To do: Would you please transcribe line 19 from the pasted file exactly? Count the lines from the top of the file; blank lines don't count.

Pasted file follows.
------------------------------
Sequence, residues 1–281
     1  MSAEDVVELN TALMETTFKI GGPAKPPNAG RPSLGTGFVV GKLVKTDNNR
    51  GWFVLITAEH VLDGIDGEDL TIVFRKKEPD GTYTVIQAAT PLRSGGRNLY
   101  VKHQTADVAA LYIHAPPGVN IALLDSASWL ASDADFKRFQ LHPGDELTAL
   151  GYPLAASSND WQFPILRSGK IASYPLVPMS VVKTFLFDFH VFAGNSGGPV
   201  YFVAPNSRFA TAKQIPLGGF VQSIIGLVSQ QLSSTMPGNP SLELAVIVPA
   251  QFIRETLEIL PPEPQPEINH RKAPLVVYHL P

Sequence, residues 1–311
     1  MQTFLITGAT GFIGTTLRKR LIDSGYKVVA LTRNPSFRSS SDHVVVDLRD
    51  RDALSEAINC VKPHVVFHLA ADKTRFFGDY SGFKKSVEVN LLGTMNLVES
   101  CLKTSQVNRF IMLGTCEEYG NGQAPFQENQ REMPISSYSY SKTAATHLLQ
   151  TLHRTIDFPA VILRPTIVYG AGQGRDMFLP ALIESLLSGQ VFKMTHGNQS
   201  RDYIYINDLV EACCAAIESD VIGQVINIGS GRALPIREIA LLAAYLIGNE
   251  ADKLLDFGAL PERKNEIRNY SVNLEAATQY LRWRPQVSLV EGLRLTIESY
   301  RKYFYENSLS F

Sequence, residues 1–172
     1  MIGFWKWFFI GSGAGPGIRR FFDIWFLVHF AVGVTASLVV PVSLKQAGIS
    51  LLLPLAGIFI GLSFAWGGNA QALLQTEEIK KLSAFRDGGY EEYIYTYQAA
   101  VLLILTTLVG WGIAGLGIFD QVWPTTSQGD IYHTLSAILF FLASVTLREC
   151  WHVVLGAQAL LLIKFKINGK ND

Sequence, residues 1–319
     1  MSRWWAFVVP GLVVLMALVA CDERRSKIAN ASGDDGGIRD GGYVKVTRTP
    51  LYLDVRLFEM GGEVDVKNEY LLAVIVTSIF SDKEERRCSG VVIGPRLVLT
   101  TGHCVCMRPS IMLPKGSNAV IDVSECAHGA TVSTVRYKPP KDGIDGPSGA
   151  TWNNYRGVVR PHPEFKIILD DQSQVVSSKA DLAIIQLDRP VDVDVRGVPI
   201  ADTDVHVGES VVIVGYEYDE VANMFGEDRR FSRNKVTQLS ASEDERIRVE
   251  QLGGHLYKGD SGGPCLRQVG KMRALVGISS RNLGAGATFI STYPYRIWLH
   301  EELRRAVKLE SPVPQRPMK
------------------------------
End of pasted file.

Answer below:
   101  VLLILTTLVG WGIAGLGIFD QVWPTTSQGD IYHTLSAILF FLASVTLREC